Stuart Cloete was born in France in 1897 to a Scottish mother and South African father. (His ancestors had come from Holland with Jan Van Riebeck to establish a settlement for the Dutch East India Company).
He remembered his early years in Victorian Paris with sweet nostalgia, but the ideal was shattered when he began his schooling in France and England. He never excelled academically and - in his own words - ‘learnt almost nothing'.
At the age of 17 Cloete went straight into the army, and became one of the youngest commissioned officers in the First World War. While nearly all of his early fellow officers and friends died, he survived four years of fighting in France and, for a while, was treated like a living lucky charm by the troops. He was seriously injured twice and experienced amnesia induced by ‘shell-shock' which was largely left untreated. In a mental hospital in London he met his first wife, a volunteer nurse, Eileen Horsman, and fell deeply in love, even inducing a second breakdown with aspirin and whisky so he could see her again.
After recuperating in France, Cloete acted on his compulsion to identify with the land of his ancestors. He became a successful farmer in the Transvaal in South Africa. But as soon as he had established himself and achieved his aims he became restless again and began pondering a life as a writer. His eighteen year marriage floundered through growing incompatibility and Cloete's infidelity.
He sold up and left for England to become an author, leaving Eileen behind in South Africa. He recalled the decision to become a writer as the biggest gamble of his life. But, as it turned out, he hit the jackpot with his first novel, Turning Wheels, published in 1937. It sold more than two million copies, although it was banned in South Africa where it scandalised the authorities with its commentary on the Great Trek and a mixed race relationship. Cloete was a prolific writer and went on to complete 14 novels and at least eight volumes of short stories.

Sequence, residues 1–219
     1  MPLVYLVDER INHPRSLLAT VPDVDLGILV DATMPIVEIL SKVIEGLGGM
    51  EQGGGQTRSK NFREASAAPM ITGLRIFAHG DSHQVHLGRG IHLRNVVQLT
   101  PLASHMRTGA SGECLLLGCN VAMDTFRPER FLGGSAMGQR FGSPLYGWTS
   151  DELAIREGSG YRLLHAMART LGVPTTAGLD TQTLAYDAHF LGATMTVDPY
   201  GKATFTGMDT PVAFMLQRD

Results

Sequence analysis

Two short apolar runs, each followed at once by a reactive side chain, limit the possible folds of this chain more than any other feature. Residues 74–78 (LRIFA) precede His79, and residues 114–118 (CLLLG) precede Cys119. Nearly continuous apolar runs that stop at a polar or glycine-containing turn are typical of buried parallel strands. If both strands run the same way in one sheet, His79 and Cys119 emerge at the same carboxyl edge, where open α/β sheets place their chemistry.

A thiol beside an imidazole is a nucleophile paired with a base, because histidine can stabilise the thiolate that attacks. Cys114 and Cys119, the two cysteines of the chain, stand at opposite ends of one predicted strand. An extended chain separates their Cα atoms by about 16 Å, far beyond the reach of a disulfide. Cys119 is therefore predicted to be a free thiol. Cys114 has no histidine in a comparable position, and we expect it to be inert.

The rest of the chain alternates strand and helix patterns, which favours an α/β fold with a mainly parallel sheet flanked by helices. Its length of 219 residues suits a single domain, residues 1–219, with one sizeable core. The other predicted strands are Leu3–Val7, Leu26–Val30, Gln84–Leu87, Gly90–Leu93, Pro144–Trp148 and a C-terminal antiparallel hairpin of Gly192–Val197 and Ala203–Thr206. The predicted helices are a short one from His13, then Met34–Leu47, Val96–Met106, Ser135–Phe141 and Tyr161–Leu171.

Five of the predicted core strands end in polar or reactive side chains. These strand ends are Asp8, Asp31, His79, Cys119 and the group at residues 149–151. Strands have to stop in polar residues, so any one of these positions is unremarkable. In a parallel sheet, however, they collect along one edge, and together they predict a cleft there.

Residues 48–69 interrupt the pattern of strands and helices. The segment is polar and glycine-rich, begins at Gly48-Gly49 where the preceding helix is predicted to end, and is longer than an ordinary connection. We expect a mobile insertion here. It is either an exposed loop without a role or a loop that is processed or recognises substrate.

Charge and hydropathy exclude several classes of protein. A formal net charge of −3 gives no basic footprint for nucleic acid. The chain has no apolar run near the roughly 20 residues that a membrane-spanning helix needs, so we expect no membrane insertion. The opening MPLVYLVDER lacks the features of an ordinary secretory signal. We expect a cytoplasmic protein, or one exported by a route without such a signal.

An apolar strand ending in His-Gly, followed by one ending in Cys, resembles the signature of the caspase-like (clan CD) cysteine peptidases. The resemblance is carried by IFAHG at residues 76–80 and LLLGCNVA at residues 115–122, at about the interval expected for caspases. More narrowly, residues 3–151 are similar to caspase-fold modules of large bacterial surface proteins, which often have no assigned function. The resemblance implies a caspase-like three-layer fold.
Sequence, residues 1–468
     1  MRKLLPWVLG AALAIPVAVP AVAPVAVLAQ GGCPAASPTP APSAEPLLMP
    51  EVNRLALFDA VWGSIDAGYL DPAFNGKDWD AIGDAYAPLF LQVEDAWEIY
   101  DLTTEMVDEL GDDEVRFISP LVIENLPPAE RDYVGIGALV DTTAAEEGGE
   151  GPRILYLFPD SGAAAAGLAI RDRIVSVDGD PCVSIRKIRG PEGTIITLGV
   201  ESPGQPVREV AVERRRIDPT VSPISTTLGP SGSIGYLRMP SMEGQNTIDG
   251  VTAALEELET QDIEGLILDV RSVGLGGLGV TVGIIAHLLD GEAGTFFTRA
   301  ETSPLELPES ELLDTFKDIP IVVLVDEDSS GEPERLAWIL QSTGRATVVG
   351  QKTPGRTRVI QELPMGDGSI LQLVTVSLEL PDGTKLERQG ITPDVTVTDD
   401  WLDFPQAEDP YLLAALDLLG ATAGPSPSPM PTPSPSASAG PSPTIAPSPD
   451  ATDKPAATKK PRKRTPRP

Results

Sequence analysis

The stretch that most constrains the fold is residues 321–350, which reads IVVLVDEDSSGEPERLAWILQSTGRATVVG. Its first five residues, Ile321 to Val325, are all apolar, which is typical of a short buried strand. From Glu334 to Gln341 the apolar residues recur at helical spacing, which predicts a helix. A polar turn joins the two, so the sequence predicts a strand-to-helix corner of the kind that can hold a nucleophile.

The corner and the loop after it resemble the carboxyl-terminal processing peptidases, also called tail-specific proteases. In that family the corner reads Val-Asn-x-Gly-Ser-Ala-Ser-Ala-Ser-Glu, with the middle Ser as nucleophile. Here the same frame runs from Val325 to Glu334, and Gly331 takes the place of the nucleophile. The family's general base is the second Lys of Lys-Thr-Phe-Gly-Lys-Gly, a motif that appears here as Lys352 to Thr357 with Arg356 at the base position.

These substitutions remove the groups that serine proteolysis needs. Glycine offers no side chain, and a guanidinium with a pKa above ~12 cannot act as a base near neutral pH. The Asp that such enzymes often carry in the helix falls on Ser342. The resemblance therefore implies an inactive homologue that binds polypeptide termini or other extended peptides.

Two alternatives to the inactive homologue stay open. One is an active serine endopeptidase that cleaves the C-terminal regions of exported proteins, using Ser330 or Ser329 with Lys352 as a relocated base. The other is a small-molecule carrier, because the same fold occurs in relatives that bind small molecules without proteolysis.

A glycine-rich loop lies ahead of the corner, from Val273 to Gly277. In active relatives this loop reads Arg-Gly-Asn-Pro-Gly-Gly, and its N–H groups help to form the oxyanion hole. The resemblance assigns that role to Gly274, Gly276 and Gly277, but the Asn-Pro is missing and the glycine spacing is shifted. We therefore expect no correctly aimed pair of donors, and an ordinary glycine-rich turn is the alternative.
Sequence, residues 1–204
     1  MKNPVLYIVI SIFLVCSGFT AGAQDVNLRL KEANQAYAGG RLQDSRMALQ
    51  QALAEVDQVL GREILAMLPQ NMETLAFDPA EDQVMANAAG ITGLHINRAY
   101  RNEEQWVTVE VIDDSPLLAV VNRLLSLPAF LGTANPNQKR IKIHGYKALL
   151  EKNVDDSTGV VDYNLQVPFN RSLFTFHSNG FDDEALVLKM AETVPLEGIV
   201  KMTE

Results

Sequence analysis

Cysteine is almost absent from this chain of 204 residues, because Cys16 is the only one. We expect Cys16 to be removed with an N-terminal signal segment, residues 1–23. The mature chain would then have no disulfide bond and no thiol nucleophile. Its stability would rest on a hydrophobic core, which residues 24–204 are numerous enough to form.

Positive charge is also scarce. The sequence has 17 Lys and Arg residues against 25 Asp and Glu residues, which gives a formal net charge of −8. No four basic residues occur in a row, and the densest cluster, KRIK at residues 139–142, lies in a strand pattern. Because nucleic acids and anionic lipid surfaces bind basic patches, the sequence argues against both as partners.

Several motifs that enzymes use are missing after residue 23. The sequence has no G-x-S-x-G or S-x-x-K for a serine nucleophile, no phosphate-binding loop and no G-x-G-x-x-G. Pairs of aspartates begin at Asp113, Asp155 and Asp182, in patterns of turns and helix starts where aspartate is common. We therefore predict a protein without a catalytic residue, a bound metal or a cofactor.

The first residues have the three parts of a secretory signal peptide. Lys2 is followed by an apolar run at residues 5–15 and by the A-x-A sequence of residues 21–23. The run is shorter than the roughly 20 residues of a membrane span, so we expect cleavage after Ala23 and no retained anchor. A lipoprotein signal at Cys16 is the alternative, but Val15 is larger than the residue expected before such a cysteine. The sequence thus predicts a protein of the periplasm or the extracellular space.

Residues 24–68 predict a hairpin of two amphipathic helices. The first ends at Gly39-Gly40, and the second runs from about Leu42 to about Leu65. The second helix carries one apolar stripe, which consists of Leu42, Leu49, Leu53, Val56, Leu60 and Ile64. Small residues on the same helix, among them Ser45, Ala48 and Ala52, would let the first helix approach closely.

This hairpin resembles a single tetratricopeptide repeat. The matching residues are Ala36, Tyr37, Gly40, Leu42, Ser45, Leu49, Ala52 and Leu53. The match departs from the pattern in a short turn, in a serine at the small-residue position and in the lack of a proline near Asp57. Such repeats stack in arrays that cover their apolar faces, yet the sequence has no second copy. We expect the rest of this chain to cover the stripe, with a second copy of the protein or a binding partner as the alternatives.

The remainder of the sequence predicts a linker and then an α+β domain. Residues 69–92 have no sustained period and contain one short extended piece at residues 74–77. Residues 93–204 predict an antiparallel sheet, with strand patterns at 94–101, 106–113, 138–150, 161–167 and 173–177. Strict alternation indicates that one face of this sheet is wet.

On the way to America to promote Turning Wheels, Cloete met Tiny who later became his second wife. It was not love at first sight but eventually he realised he had found a soul mate. Tiny enjoyed the fruits of his success as a highly acclaimed writer and was his faithful companion until his death in the Cape in 1976.
Cloete lived though a period of unprecedented upheavals and in his autobiography, published in the early 70s, he pondered whether ‘progress' was in fact a misnomer; it had ushered in colourless uniformity and even the threat of nuclear war. He also reflected on the chapters of his vagabond, eventful and, in his view, incredibly lucky life.